Funding: NSF (1998) Experimental Software Systems “Automated Understanding of Captured Experience”

September 1st, 1998 Irfan Essa Posted in Activity Recognition, Audio Analysis, Aware Home, Funding, Gregory Abowd, Intelligent Environments No Comments »

Award#9806822 – Experimental Software Systems: Automated Understanding of Captured Experience

9806822 Essa, Irfan A. Abowd, Gregory D. Georgia Institute of Technology Experimental Software Systems: Automated Understanding of Captured Experience The objective of this research is to reduce substantially the human input necessary for creating and accessing large collections of multimedia, particularly multimedia created by capturing what is happening in an environment. The existing software system which is being used as the starting point for this investigation is Classroom 2000, a system designed to capture what happens in classrooms, meetings, and offices. Classroom 2000 integrates and synchronizes multiple streams of captured text, images, handwritten annotations, audio, and video. In a sense, it automates note-taking for a lecture or meeting. The research challenge is to make sense of this flood of captured data. The project explores how the output of Classroom 2000 can be automatically structured, segmented, indexed, and linked. Machine learning and statistical approaches to language are used to attempt to understand the captured data. Techniques from computational perception are used to try to find structure in the captured data. An important component of this research is the experimental analysis of the software system being built. The expectation is that this research will have a dramatic impact on how humans work and learn, as technology aids humans by capturing and making accessible what happens in an environment.

AddThis Social Bookmark Button

Paper: ICPR (1996): “Motion regularization for model-based head tracking”

August 25th, 1996 Irfan Essa Posted in Face and Gesture, Intelligent Environments, PAMI/ICCV/CVPR/ECCV, Sumit Basu No Comments »

S. Basu, I. Essa, A. Pentland (1996) “Motion regularization for model-based head tracking.” In Proceedings of  Proceedings of the 13th International Conference on Pattern Recognition, 1996., 25-29 Aug 1996 Volume: 3, page(s): 611-616. [ DOI | PDF]


This paper describes a method for the robust tracking of rigid head motion from video. This method uses a 3D ellipsoidal model of the head and interprets the optical flow in terms of the possible rigid motions of the model. This method is robust to large angular and translational motions of the head and is not subject to the singularities of a 2D model. The method has been successfully applied to heads with a variety of shapes, hair styles, etc. This method also has the advantage of accurately capturing the 3D motion parameters of the head. This accuracy is shown through comparison with a ground truth synthetic sequence (a rendered 3D animation of a model head). In addition, the ellipsoidal model is robust to small variations in the initial fit, enabling the automation of the model initialization. Lastly, due to its consideration of the entire 3D aspect of the head, the tracking is very stable over a large number of frames. This robustness extends even to sequences with very low frame rates and noisy camera images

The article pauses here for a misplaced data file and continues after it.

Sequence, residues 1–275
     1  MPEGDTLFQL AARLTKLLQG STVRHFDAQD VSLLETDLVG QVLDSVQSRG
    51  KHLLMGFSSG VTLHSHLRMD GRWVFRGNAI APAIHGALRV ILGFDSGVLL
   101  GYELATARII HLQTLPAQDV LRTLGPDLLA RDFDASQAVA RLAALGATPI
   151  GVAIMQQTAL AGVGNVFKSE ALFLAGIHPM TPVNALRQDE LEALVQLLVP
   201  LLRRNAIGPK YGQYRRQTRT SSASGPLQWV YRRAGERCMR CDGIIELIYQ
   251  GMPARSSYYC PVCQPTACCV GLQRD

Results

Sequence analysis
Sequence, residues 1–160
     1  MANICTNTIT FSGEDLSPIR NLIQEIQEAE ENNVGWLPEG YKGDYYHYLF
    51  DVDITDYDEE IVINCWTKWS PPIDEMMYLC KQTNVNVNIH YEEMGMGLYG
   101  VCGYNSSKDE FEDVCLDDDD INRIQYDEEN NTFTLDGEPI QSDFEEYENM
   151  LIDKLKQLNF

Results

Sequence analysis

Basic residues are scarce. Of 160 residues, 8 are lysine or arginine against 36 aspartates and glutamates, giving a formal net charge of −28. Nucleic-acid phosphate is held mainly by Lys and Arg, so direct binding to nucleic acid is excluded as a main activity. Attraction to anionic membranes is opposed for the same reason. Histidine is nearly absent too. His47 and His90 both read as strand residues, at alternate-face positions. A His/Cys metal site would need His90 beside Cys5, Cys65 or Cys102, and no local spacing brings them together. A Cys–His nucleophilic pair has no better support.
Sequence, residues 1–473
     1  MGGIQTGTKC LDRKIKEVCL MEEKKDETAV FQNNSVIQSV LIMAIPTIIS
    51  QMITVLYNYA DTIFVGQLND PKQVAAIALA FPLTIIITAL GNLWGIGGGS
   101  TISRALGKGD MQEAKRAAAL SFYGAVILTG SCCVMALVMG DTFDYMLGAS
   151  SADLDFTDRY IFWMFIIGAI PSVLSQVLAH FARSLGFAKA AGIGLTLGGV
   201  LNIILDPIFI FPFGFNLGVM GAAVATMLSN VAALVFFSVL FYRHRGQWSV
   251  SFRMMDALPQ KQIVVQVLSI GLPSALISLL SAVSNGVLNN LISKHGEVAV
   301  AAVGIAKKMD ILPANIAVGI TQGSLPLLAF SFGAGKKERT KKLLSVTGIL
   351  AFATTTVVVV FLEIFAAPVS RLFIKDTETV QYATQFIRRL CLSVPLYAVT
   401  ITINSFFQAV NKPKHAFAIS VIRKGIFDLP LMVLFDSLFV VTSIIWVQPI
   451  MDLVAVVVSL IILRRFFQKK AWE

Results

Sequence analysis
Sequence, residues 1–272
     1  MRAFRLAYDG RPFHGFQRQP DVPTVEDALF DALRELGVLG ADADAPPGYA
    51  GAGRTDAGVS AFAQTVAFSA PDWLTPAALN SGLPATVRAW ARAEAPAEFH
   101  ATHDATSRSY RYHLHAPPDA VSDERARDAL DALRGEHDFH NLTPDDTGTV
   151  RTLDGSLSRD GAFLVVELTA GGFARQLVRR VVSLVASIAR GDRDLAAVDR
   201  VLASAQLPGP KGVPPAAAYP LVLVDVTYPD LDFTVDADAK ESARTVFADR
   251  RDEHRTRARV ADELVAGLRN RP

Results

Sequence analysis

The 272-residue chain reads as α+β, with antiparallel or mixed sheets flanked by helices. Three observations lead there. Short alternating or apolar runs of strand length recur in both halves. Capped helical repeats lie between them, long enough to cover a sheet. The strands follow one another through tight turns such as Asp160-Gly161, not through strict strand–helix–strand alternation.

AddThis Social Bookmark Button

Scientific American Article (1996): “Smart Rooms; by Alex Pentland

April 9th, 1996 Irfan Essa Posted in Affective Computing, Face and Gesture, In The News, Intelligent Environments, Research No Comments »

Alex Pentland (1996), “Smart Rooms”Scientific American, April 1996

Quote from the Article: “Facial expression is almost as important as identity. A teaching program, for example, should know if its students look bored. So once our smart room has found and identified someone’s face, it analyzes the expression. Yet another computer compares the facial motion the camera records with maps depicting the facial motions involved in making various expressions. Each expression, in fact, involves a unique collection of muscle movements. When you smile, you curl the corners of your mouth and lift certain parts of your forehead; when you fake a smile, though, you move only your mouth. In experiments conducted by scientist Irfan A. Essa and me, our system has correctly judged expressions-among a small group of subjects-98 percent of the time.”

AddThis Social Bookmark Button